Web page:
turned out great. i'll have to compare it to a brined one next time.
     
  16. I actually forgot you were making smoked dip. Man that was fresh off a boat too? What recipe did you use? I love me some smoked dip!!!
     
  17. saltysandman

    saltysandman Smoke Blower

    found this recipe deep inside this forum. Best i've ever had. i usually make a double batch. just double ingredients.

    Smoked Fish Dip (originally from 3men.com)

    • 1 ½ cups crumbled smoked fish (mahi, kingfish, salmon would be fine too)
    • 1/2 cup milk
    • 8 ounces light cream cheese, softened or whipped
    • 1/4 cup finely minced onion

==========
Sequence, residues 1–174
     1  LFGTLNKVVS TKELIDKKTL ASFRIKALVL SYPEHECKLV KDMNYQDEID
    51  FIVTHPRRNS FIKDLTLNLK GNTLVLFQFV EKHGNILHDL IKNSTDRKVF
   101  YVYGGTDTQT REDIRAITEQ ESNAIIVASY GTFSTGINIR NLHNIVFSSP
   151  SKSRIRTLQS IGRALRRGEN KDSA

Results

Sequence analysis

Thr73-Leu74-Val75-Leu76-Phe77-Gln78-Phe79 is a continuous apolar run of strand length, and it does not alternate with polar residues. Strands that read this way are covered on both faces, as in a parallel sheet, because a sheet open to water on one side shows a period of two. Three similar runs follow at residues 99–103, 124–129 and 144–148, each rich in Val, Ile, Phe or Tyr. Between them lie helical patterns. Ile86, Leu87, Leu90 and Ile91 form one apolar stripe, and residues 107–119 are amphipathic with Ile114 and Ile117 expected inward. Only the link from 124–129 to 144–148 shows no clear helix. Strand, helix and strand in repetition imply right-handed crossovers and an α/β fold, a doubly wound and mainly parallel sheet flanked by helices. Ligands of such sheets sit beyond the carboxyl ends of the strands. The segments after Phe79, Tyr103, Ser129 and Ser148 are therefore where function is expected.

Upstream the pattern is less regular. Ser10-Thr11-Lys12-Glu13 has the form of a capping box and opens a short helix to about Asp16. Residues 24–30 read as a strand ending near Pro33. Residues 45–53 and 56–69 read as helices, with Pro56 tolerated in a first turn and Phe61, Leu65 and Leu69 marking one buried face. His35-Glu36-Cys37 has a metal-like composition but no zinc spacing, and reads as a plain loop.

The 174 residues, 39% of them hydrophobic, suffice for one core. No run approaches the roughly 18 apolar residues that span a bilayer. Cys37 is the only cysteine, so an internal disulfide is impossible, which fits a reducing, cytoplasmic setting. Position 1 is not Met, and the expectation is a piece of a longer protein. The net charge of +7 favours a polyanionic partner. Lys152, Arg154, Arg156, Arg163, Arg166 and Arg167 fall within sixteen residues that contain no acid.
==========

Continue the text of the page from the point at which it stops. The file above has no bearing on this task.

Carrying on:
• 1 stalk finely chopped celery
    • 1 tablespoon finely minced fresh parsley
    • 1 tablespoon sweet pickle relish
    • 1/2 teaspoon lemon juice
    • 1 teaspoon Worcestershire sauce (or to taste)
    • Cayenne, salt and pepper to taste
    Put the smoked fish in a medium bowl and add the milk. Cover and chill for 30 minutes to an hour. Squeeze a little and pour out excess milk. Stir in the cream cheese, onion, celery, parsley, relish, lemon juice, Worcestershire sauce, and cayenne, salt and pepper to taste.
    Cover and chill for 2 to 3 hours until flavors have blended.
    Serve with your favorite crackers.
     
    ksblazer and banderson7474 like this.
  18. Thanks! I think I might make that this weekend. I was going to make smoked dip 6 months ago but forgot. Which fish did you use? It's hard for me to find good white fish here in Alabama but I should be able to figure it out.
     
  19. saltysandman

    saltysandman Smoke Blower

    I've mainly used kingfish and mahi mahi. you could do with salmon. works better with a meaty fish. small flaky won't do as well.